The mission he’s given by Homeland Security, however, won’t allow him to avoid his past. Instead, he must face it head-on, thereby dredging up some of his most painful memories, and things soon become extremely complicated.
Marco spends a lot of time pondering the state of America – not only life and death in the Evacuated States, but also life in the still living states. If that’s what you want to call them. Through his interactions with distraught family members trying to find their missing loved ones, Marco gleans some insight into life in the safe states, and what America’s new situation has done to its people.
“how fucked up the world had turned. How it made the dead so alive and the living feel so dead.”
With its heightened national solipsism, “America is dead.” The United States has finally fallen, as declinists have always feared. Only, instead of Imperial overreach, it’s because of an internal catastrophe that has turned their hyper-attention inwards. It’s quite interesting, really, as that’s what a lot of International Relations/Political Scientists scholars think will happen to China. (Not Zombies, but some other internal disruption or catastrophe – although, Zombies might be more interesting. They’d probably keep it secret, like they did with SARS… Oh, now there’s a premise for a novel…!)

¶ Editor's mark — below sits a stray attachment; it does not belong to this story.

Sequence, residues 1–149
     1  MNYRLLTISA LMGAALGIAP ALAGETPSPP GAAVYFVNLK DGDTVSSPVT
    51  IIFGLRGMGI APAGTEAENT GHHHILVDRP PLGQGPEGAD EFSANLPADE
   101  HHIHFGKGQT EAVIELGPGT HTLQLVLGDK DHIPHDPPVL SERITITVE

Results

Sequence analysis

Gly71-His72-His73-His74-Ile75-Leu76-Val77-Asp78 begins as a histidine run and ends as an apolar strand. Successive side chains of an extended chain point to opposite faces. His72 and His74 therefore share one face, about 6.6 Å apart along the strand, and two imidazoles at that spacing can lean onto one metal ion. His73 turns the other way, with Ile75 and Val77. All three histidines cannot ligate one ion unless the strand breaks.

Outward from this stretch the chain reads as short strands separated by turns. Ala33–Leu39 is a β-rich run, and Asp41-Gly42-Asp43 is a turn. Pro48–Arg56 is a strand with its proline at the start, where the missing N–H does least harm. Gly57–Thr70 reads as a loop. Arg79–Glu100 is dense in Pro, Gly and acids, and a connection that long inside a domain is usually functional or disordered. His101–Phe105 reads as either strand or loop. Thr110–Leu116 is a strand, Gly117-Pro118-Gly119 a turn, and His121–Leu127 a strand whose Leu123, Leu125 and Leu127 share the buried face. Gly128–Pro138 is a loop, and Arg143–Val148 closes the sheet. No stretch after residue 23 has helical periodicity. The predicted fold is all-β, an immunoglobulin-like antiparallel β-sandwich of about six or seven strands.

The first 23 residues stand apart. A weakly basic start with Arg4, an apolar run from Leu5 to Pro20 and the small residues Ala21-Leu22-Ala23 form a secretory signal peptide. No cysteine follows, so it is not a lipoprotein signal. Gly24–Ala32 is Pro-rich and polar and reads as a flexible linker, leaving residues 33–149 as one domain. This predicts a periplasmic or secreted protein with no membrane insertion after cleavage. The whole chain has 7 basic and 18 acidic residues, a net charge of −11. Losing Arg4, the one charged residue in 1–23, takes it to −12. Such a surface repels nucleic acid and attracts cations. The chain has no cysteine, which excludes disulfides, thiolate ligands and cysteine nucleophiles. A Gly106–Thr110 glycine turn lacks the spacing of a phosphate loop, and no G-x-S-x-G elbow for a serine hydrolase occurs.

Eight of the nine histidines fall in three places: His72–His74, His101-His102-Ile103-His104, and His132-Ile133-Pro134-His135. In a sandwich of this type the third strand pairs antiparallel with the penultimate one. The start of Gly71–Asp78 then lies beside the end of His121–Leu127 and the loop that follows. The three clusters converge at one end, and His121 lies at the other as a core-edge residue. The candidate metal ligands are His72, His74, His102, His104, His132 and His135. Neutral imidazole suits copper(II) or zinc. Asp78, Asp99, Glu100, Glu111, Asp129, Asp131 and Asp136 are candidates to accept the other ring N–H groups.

[Editorial Sidebar: If the union of international relations and zombies appeals, I would direct you to Dan Drezner’s book on that subject, which I read and very much enjoyed last year.]
It’s difficult to talk too much about many of the other characters in the novel (few in number as they are), without spoiling some important twists and key events. Therefore, I’ll limit myself to one other: Kheng Wu. Wu is a really interesting guy – it took me a while to draw a bead on him, however, to figure him out. Because of his orders, Wu attempts to retain an emotionless detachment from Marco, but even he, the highly capable special-ops soldier benefits from Marco’s experience in the Evacuated States. The two unwilling companions form a bond of sorts, the need for survival trumping any sense of distrust they may feel for each other. This leads to some interesting decisions and interactions, as well as a few surprising moments of bonding.